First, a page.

How do passwords get hacked?

Published | May 16th, 2017

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Hacking occurs everywhere, to anyone, and sometimes for no better reason than to have a little fun.  The first line of defense against any good hack is a good password.  A nicely formatted password can withstand even the most brutal of attacks.

But before you build up your password, you must know how it can be broken down.  Here are seven common ways a hacker plans to crack your code:

They Guess It.

Anyone who knows you personally, checks out your social media page or overhears your conversation can crack a simple password.  Do you use the name of your child, your favorite football team or the make and model of your vehicle?  What about your wedding anniversary, place of birth or favorite movie?  If so, you’ve done been cracked. 

They See It.

Have you ever logged into an account in public or written a password down on a piece of paper?  Did the person standing behind you in line see you?  Did you even know someone was standing behind you? 

They Log It.

Has your PC, phone or tablet been infected by malware lately?  If it has, you might be infected with a bad case of the Keyloggers.  This tricky version of malware can see and track everything you type.  If you don’t use a password manager, it can log all your keystrokes, including when you signed into your bank account, your email, and your Facebook page.  

They Automate It.

There are many types of software available—most of which are free—that hackers use to crack your passcodes.  These include Brutus, RainbowCrack, and John the Ripper.  These automate the code-cracking process and the only defense is a long, complex password and time.  This malicious software creates algorithms to quickly run through every dictionary word and a list of the most popular passwords.  It will then attempt other less common word combinations and begin attaching capitalizations, numbers, and symbols.  If your password is complex enough, it may take weeks or months this tool to guess your code.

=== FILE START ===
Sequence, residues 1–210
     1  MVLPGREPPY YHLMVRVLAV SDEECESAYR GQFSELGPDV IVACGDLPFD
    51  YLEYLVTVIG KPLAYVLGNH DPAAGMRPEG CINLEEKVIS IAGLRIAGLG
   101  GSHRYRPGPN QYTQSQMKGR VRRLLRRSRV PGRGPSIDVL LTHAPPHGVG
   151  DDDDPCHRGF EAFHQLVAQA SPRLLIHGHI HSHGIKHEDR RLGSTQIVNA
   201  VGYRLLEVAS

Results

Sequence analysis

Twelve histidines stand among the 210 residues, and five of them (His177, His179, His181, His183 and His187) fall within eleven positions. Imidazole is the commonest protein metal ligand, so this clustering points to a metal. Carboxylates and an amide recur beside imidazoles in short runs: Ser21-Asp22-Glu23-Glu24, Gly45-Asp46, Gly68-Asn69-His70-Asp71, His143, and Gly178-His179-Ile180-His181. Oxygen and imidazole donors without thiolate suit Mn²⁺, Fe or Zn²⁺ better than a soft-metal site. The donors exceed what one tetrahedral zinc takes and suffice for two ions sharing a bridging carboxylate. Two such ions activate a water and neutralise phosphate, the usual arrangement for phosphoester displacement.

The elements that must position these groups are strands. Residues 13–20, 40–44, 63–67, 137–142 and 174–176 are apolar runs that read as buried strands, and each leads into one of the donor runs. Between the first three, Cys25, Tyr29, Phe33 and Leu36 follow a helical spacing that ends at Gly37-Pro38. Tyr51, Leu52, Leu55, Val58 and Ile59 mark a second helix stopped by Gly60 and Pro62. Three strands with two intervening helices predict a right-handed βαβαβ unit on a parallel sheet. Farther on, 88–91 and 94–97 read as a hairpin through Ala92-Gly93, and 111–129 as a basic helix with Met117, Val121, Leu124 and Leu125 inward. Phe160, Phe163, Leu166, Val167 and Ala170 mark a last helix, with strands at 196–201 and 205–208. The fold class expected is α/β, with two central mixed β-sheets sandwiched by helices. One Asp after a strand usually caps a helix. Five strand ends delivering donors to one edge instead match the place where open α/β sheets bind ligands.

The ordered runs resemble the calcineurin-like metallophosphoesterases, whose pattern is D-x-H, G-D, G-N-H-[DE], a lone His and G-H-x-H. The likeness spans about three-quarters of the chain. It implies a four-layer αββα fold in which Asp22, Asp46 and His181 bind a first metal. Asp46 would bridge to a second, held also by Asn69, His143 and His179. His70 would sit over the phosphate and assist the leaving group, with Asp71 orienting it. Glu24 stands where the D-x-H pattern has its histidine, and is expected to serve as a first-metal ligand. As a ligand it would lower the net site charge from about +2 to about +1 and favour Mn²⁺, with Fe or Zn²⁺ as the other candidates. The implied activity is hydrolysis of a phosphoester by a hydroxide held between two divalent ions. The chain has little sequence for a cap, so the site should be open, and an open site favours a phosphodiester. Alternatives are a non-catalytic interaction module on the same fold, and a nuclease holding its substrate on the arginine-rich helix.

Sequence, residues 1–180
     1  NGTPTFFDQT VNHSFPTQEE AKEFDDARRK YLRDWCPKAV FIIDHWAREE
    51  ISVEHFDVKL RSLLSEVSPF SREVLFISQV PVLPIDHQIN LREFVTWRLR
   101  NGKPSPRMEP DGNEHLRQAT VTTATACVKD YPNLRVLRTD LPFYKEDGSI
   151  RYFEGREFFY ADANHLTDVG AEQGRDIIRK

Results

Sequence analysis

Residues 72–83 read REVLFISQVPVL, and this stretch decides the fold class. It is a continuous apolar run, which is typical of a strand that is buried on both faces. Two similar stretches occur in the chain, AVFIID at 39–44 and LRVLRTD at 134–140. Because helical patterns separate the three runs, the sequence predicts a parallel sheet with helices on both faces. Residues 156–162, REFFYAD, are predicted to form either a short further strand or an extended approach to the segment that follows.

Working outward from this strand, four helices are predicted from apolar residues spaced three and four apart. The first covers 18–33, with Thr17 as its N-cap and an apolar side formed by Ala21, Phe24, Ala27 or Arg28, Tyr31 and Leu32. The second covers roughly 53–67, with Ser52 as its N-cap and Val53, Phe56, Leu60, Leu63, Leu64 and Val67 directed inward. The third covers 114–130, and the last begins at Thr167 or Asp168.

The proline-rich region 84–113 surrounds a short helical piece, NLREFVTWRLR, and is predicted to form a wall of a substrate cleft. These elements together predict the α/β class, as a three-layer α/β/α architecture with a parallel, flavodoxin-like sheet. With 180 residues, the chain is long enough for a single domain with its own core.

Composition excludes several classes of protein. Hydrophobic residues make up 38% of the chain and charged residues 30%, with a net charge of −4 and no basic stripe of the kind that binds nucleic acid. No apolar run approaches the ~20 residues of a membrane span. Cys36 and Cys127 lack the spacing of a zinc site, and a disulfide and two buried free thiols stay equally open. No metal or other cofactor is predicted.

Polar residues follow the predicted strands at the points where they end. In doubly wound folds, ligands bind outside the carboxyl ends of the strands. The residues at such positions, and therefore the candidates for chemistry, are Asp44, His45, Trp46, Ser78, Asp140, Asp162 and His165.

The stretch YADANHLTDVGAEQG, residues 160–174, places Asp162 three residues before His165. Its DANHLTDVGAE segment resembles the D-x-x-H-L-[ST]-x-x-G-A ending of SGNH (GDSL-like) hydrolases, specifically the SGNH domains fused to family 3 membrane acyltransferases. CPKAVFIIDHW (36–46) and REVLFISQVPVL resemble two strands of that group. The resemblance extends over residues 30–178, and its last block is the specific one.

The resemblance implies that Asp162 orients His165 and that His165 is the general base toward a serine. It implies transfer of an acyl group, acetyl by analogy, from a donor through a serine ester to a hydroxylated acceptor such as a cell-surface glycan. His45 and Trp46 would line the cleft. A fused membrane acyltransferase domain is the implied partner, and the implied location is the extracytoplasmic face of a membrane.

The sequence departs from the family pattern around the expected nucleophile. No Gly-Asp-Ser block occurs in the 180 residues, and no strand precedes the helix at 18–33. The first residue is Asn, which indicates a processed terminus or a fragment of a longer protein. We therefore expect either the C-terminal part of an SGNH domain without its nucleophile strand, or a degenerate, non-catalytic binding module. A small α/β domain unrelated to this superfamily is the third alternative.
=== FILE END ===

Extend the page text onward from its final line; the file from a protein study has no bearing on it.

They Expose It.

Hackers can use a variety of means—phone, email, letters—to wrongfully expose your password.  This type of password cracking would fall in line with the Monster example noted previously.  The hackers stole personal information from Monster’s account holders and used this information to moonlight as the company.  While their intent was not to gain passwords, they easily could have done so.   

They Phish It.

The intent here is to trick you into inputting your login information.  A corrupt link will lead you to an illegitimate website that looks almost identical to the real thing—your email, a shopping website or your bank account.  Once you type in your credentials, the site will record your information and use it to gain access to your true account.  

They Steal It.

Ashley Madison’s account passwords were stolen.  Someone hacked into their database and kidnapped all the information it contained.  These passwords were ‘hashed’, which transforms your data into another format much like encryption does.  But with hashing, the data is stored differently and is not ‘reversible’, meaning it should be more secure for data like passwords; however, this did not stop a handful of security experts and groups from trying.  It only took a few hours for most of these groups to crack millions of Ashley Madison passwords.  And, once again, the only defense you have is a long, complex password and time.      

For more information on how to create a strong password and keep all your information secure, please click here.